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Fraud investigation focuses on Scotland’s MAS

By Scotland Correspondent

The minor ailment service in Scotland is under the scrutiny of an ongoing investigation by NHS Scotland Counter Fraud Services.
CFS is investigating community pharmacies where trends in registration for the minor ailment service indicate potential fraud.

The first case to result in a criminal charge went to court last week (20 August 2013). Stephen Brown, pharmacist at Omnicare Pharmacy in Deans, Livingston, pleaded guilty to a charge of fraud after registering 40 patients for the minor ailment service without their knowledge or permission. He was fined £340 against a £200 fraud.

Gordon Young, head of CFS, said: “Stephen Brown is a pharmacist who blatantly abused his position of trust to register patients at his place of work, without their prior knowledge or permission and made financial gain fraudulently from it. While the sum defrauded was not a significant amount of money, any fraud against the NHS which abuses the trust of the public will be pursued.”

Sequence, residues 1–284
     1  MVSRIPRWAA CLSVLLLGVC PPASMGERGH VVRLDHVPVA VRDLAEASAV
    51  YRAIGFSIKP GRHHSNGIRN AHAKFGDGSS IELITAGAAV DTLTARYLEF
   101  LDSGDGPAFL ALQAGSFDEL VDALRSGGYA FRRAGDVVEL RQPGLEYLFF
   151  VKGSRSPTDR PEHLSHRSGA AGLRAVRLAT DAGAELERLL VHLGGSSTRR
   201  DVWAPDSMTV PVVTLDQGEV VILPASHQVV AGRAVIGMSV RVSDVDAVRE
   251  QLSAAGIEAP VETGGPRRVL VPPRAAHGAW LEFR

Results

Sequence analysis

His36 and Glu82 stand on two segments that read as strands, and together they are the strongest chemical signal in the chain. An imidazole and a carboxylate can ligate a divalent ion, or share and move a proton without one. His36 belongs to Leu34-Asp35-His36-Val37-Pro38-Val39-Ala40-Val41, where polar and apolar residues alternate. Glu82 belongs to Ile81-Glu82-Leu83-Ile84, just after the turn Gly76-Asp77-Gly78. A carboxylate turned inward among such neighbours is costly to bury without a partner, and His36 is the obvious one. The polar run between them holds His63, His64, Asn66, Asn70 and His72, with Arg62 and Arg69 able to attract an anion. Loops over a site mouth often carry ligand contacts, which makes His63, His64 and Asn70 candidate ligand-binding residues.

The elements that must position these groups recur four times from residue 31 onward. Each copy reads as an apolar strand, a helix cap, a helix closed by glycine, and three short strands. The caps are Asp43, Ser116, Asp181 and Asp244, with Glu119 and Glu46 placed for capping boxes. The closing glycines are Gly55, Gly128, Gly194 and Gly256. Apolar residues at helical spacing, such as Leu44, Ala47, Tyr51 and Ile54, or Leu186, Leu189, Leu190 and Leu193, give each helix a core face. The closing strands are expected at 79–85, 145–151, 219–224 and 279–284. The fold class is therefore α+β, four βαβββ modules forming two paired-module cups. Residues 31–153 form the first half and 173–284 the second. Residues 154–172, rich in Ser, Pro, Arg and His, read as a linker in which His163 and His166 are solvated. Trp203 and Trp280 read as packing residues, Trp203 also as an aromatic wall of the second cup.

However, this was partly disputed by Community Pharmacy Scotland. Chief executive officer Harry McQuillan said: “While we cannot condone any fraudulent act, our understanding is that the pharmacist in question made no personal financial gain. . . . It should be remembered that this activity has not cost the NHS any financial burden due to these remuneration arrangements being contained within the global sum.”

On the wider investigation, Mr McQuillan commented: “CPS recently became aware that a series of counter fraud investigations were taking place throughout Scotland. We understand the investigation process is ongoing. As an organisation we have had little visibility over the process itself which disappoints us.” He added: “We have raised our concerns with [the] Scottish Government about the impact this investigation may potentially have on our members’ ability to deliver this and other valued patient services that require patient registration.”

Mr Brown's case has been reported to the General Pharmaceutical Council.

A spokesman for Omnicare Pharmacy said the company had no comment to make about the case.

Citation: The Pharmaceutical Journal DOI: 10.1211/PJ.2013.11124795

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